When the mysterious and still unknown Satoshi Nakamoto started Bitcoin, nine years ago, he was very clear about the new technology’s objective, namely, to do away with all fiat currencies and to get rid of the world financial system.
This statement was (and remains) so ambitious, and the blockchain technology was so unknown that hardly anybody took him seriously at the time. Mr. Nakamoto’s words were especially unwelcomed (even derided) by experts in the financial sector.
But a new study released by UBS, one of the most important banks in Switzerland suggests that Mr. Nakamoto could still be proven right. After exploring Bitcoin’s features and characteristics, UBS researchers have concluded that it could indeed replace the USD if and when it reaches a price of around 213,000 USD per token.
While there is no way to predict when this could happen, the study implies that, in principle, there is no reason why it shouldn’t. The token will hardly hit this mark any time soon, but some expert/enthusiasts as John McAfee are very confident that it will hit as much as a million in price sooner or later.
Bitcoin was the first cryptocurrency and, as such, it’s still the most important one. It’s the one that gathers more attention and interest from both experts and layman. Many people around the world think, for instance, that the words Bitcoin and cryptocurrency are interchangeable.
UBS placed another restriction on Bitcoin’s success: it has to be considered money first or, at least, a viable asset class. That begs the question of why is Bitcoin not money already or not viable? UBS addressed the viability issue “our findings suggest that Bitcoin, in its current form, is too unstable and limited to become a viable means of payment for global transactions or a mainstream asset class.”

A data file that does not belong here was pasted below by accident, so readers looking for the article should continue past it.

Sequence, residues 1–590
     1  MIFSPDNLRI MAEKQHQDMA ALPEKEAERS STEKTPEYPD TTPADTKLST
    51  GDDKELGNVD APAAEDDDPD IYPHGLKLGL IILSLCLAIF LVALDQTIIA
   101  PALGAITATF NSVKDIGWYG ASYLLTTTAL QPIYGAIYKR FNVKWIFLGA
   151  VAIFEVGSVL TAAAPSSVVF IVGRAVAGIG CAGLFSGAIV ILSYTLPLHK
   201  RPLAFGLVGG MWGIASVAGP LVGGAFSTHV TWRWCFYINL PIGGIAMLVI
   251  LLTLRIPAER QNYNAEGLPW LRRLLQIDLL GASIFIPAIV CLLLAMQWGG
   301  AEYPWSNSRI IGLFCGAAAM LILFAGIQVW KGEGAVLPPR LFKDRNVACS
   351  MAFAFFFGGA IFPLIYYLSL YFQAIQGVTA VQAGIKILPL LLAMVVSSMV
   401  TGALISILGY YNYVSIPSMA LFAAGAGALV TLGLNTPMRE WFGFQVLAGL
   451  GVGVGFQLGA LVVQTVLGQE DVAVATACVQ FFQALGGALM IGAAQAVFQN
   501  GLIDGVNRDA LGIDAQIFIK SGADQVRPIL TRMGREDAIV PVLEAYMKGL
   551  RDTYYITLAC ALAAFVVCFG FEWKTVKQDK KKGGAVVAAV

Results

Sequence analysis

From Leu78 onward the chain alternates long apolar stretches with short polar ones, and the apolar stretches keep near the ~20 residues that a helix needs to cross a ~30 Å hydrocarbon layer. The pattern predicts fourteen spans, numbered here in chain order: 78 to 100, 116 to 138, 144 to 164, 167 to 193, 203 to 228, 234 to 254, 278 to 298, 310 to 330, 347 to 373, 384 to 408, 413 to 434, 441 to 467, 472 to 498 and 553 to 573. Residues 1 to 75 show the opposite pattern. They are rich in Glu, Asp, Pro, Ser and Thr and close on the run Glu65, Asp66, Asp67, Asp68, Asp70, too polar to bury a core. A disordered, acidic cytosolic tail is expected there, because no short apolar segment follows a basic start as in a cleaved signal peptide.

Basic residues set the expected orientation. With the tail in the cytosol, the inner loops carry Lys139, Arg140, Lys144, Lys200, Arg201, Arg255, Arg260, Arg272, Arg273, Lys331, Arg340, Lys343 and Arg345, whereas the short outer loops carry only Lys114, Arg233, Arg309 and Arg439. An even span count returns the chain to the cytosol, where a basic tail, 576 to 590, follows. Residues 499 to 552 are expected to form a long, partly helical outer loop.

But is it money? USB doesn’t think so but if Bitcoin is not already money or an asset class then why is it being taxed as such already. Moreover, several financial experts (even traditional ones who are not very well inclined towards crypto assets) are on the record affirming that Bitcoin is, indeed, money. So why is there still any controversy?
The disagreements are rooted in a definition of money given by a research paper called ” Cryptocurrencies: Overcoming Barriers to Trust and Adoption.” In this paper, it’s stated that a cryptocurrency must be able to perform three different functions to be considered real money. It must store value, be a medium of exchange, and an accounting unit.
The current consensus (led by a study performed by the Imperial College London and eToro) is that Bitcoin and many other digital assets are already meant to store value so that one is covered. But regarding the other two Bitcoin must first solve some of the current limitations it has. Lack of scalability, time of transfers, design, and regulation are still problems that plague it and are an obstacle to fulfill the role money should in everyday use.
The Bitcoin community is already taking steps to solve those problems. New features such as the Lightning Network, Bulletproof, SegWit, Bitcoin Core 0.16.0 are already deployed or in the works, and they aim to fix those very issues. This means that Bitcoin could indeed qualify as real money very soon, before a couple of years at most.
The UBS’ study is crucial (along with the one from Imperial College London) because it shows that both academic and traditional financial circles are starting to read the writing on the wall when it comes to crypto coins.
This is critical development and the crypto community at large would benefit to listen to this external observers and learn something from them. It’s still too early to know if digital assets will indeed end up replacing all the fiat currencies in the world and replacing the financial system, as Mr. Nakamoto imagined. But now we know they could.
Image Courtesy of Pixabay.